Plasma insulin-like growth factors, insulin-like binding protein-3, and outcome in metastatic colorectal cancer: Results from intergroup trial N9741

Charles S. Fuchs, Richard M. Goldberg, Daniel J. Sargent, Jeffrey A. Meyerhardt, Brian M. Wolpin, Erin M. Green, Henry C. Pitot, Michael Pollak

Research output: Contribution to journalArticlepeer-review

46 Scopus citations

Abstract

Purpose: Insulin-like growth factor (IGF)-I and IGF-II stimulate neoplastic cell growth and inhibit apoptosis, whereas IGF-binding protein-3 (IGFBP-3) inhibits the bioavailability of IGF-I and has independent proapoptotic activity. We examined the influence of baseline plasma levels of IGF-I, IGF-II, IGFBP-3, and C-peptide on outcome among patients receiving first-line chemotherapy for metastatic colorectal cancer. Experimental Design:The plasma levels of IGF-I, IGF-II, IGFBP-3, and C-peptide as well as data on prognostic factors and body size were measured at baseline among 527 patients participating in a randomized trial of first-line chemotherapy for metastatic colorectal cancer. Results: Higher baseline plasma IGFBP-3 levels were associated with a significantly greater chemotherapy response rate (P = 0.03) after adjusting for other prognostic factors, whereas neither IGF-I nor IGF-II levels significantly predicted tumor response. Higher levels of IGF-I, IGF-II, and IGFBP-3 were all univariately associated with improved overall survival (P = 0.0001 for all). In a model that mutually adjusted for IGF-I and IGFBP-3, as well as other prognostic factors, increasing baseline-circulating IGFBP-3 was associated with a significantly longer time to tumor progression (P = 0.03), whereas circulating IGF-I was not associated with disease progression (P = 0.95). Levels of C-peptide were not associated with any measure of patient outcome. Conclusion: Among colorectal cancer patients receiving first-line chemotherapy, increasing levels of IGFBP-3, an endogenous antagonist to IGF-I, are associated with an improved objective treatment response and a prolonged time to cancer progression. The IGF pathway may represent an important target for future treatment strategies.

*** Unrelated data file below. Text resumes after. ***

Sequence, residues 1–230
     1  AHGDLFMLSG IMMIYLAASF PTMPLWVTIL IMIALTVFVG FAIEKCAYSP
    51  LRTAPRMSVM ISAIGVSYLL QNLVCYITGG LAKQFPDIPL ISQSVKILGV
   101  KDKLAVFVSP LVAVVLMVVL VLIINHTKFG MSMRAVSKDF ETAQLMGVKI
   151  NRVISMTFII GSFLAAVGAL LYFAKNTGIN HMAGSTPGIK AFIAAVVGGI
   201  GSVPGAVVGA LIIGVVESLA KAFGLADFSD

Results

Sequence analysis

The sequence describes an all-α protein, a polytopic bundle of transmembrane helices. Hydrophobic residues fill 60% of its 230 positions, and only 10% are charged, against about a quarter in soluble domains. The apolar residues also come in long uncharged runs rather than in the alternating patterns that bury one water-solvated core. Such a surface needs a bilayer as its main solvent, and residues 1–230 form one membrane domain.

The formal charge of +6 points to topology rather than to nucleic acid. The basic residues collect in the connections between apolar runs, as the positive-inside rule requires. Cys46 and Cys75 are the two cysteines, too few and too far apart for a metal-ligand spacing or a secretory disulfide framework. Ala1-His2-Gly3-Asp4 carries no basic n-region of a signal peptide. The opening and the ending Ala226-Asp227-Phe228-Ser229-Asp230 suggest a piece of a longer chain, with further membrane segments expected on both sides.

Original languageEnglish (US)
Pages (from-to)8263-8269
Number of pages7
JournalClinical Cancer Research
Volume14
Issue number24
DOIs
StatePublished - Dec 15 2008

ASJC Scopus subject areas

  • Oncology
  • Cancer Research

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